The Discovery Expedition was the first official British operation to the Antarctic regions since the voyage of James Clark Ross 60 years earlier. Organised on a large scale under a joint committee of the Royal Society and the Royal Geographical Society, the new expedition carried out scientific research of an untouched continent in 1901. Led by Robert Falcon Scott, the mission also launched the careers of Ernest Shackleton, Edward Wilson, Frank Wild, Tom Crean and William Lashly, who all went on to become experienced explorers.
However, a series of letters between Captain Scott and Stanford’s travel book store, reveals the Royal Navy Officer’s fury at being put in the same bracket as his colleagues.
The document, dated 1907, reads: “I have just received your map of the Antarctic Regions (London Atlas Series) and I observe that the farthest point South is marked ‘Scott and Shackleton,’ an inscription which is not in accordance with any authoritative map published by the Geographical Society but is naturally one of the most interesting in the map.
“According to all precedent, this coupling of Mr Shackleton’s name with mine implies dual leadership, and is therefore not in accordance with fact.
“Mr Shackleton’s name cannot have been added by you with a wish to note this whole party which reached the farthest point, since the name of Wilson is omitted.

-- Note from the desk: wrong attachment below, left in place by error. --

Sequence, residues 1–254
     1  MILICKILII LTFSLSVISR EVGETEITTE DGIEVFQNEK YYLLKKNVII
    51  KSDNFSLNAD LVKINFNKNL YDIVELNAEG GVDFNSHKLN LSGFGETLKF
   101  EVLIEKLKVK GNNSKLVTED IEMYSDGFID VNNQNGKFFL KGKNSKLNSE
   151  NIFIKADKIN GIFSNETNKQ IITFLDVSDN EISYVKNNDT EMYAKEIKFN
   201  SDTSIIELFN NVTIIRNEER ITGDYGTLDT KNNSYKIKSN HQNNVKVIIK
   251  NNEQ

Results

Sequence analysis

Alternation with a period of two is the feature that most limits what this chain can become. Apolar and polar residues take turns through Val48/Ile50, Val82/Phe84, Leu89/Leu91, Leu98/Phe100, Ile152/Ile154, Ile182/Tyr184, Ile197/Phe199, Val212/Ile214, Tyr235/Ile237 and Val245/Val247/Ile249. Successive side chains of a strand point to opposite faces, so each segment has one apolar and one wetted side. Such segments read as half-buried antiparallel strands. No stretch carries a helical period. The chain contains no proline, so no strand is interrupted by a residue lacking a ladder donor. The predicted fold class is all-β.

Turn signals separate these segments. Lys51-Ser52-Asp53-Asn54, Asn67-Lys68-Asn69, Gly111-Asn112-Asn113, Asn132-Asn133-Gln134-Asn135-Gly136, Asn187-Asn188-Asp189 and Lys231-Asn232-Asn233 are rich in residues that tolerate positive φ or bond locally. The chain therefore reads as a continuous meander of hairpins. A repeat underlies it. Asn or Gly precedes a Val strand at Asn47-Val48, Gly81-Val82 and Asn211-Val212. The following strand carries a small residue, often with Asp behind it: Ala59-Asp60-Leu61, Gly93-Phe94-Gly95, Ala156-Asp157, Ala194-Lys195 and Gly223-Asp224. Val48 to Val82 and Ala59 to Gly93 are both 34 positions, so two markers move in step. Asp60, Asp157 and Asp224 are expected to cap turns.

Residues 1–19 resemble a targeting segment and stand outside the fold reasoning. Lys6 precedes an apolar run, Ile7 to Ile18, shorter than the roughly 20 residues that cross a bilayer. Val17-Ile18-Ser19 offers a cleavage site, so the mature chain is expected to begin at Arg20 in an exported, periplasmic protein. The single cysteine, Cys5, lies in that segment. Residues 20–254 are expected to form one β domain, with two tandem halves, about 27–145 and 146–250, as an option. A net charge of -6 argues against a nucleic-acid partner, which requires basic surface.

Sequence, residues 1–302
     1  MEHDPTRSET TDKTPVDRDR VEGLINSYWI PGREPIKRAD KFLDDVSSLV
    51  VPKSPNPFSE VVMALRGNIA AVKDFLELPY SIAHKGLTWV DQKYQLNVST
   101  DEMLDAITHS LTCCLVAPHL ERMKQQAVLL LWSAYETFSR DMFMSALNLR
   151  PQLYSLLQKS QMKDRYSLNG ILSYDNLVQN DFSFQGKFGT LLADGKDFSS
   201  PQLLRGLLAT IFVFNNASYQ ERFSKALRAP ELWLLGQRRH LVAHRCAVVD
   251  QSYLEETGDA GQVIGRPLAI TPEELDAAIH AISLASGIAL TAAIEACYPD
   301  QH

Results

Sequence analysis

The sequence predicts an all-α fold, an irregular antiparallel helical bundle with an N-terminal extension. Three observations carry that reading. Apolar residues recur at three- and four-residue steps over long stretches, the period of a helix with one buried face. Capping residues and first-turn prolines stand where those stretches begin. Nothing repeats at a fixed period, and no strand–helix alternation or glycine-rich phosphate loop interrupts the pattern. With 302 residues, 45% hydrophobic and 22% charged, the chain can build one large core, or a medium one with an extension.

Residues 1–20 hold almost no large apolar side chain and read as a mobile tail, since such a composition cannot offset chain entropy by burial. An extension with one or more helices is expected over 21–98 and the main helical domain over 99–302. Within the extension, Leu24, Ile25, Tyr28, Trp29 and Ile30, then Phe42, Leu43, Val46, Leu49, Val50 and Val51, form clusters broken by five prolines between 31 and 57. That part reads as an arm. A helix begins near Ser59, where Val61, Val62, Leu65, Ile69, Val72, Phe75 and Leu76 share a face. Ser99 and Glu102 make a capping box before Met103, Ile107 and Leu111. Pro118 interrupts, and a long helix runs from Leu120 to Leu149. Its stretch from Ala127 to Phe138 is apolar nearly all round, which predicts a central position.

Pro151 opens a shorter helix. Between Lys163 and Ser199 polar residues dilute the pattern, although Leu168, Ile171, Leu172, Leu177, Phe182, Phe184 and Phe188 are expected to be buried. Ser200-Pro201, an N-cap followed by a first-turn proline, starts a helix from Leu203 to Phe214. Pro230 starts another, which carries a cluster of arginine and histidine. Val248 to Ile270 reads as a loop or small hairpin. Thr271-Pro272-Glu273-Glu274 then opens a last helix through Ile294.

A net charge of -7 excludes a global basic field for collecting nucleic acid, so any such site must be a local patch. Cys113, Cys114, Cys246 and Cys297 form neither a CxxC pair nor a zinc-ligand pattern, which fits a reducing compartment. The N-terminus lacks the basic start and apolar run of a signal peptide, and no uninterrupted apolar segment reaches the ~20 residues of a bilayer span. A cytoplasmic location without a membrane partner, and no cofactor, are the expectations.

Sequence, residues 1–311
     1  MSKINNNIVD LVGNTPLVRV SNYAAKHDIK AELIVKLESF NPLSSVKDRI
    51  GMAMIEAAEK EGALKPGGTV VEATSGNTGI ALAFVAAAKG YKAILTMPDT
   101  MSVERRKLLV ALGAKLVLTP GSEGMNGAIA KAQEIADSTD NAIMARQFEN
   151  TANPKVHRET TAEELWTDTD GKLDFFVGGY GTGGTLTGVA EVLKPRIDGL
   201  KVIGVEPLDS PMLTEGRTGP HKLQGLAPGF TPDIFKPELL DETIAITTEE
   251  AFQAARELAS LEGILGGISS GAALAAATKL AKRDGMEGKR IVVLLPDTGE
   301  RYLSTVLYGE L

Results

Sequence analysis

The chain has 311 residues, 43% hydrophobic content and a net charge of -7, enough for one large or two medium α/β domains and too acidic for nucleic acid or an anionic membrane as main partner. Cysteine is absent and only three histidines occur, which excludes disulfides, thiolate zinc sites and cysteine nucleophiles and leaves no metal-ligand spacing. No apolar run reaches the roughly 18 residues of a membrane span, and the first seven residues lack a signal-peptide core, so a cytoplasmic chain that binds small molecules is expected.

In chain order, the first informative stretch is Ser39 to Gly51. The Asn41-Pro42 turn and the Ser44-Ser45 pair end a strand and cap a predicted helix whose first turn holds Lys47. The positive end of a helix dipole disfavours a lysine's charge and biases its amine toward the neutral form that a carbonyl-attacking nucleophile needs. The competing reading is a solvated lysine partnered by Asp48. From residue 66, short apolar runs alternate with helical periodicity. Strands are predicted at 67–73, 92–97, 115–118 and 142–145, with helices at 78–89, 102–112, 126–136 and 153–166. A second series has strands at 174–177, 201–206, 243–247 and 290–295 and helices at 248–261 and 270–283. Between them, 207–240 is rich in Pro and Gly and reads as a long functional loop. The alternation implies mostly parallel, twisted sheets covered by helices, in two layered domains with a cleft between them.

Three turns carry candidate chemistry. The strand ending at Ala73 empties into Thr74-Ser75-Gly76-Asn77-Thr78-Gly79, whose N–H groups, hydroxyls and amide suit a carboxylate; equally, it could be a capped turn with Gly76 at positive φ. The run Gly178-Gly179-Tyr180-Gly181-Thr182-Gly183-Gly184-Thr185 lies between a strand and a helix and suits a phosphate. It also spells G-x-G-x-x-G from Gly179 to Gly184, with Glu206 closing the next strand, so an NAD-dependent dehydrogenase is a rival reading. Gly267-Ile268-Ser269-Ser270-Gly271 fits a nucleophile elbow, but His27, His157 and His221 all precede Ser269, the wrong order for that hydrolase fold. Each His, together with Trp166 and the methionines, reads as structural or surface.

“In view of these remarks, I wish to ask your authority for the inscription and your purpose in making it.”
Edward Stanford, the original owner of the store explains to Captain Scot how the map was created before the full details of the exploration were released.
The reply reads: “I have your letter of 16th, and I am exceedingly sorry that you find to take exception that at the furthest point South your name is coupled with Shackleton’s.
“That wording was inserted in the year 1903 before anything authoritative was issued, and your book was not issued until two years later.
“My ‘authority’ for the inscription was the then known facts as reported in the press and elsewhere, and I had no special ‘purpose’ in making it.
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“May I say that personally I had no knowledge of the wording on the map, although I am, of course, responsible for it?”
On realising his mistake, Scott was forced to issue an apology to the travel book story.
It reads: “I must thank you for your courteous reply to my hasty letter and apologise unreservedly for suggesting that there might be a purpose in the inscription to which I took exception.
“I clearly see from your letter how this mistake arose, and hasten to express my regret for my last letter.
“I tried to be impartial in giving credit to my companions who one and all laboured honestly and well as I have endeavoured to record – I grow hot at this idea of one being advertised at the expense of his fellows – I trust you will consider this my excuse for my first letter.
“I understand now of course that you had no personal knowledge of the wording and I must express regret that I failed to realise your identity when I first wrote.”
The letters were discovered after the company moved from Long Acre to Mercer Walk in Covent Garden and will be on display at The Stanford Exhibition at 10 Langley Street from Friday 18 until January 3, 2020.